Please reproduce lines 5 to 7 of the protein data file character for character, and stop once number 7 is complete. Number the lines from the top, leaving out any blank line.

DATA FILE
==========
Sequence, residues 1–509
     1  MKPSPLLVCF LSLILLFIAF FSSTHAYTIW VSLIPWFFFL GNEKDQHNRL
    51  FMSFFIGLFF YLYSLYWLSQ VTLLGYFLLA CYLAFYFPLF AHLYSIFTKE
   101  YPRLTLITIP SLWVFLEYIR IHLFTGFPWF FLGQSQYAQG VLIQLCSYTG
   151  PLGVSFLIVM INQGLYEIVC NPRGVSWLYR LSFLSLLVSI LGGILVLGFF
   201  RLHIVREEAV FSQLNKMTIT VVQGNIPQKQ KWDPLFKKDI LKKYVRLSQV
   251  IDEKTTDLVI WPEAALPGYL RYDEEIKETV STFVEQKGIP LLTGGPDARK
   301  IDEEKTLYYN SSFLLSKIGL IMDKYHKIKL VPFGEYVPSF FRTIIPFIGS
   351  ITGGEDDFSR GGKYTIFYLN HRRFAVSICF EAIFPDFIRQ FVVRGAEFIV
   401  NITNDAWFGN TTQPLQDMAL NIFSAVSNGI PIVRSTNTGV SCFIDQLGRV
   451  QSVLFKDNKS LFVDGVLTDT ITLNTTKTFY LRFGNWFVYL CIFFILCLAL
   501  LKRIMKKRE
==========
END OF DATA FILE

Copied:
   151  PLGVSFLIVM INQGLYEIVC NPRGVSWLYR LSFLSLLVSI LGGILVLGFF
   201  RLHIVREEAV FSQLNKMTIT VVQGNIPQKQ KWDPLFKKDI LKKYVRLSQV
   251  IDEKTTDLVI WPEAALPGYL RYDEEIKETV STFVEQKGIP LLTGGPDARK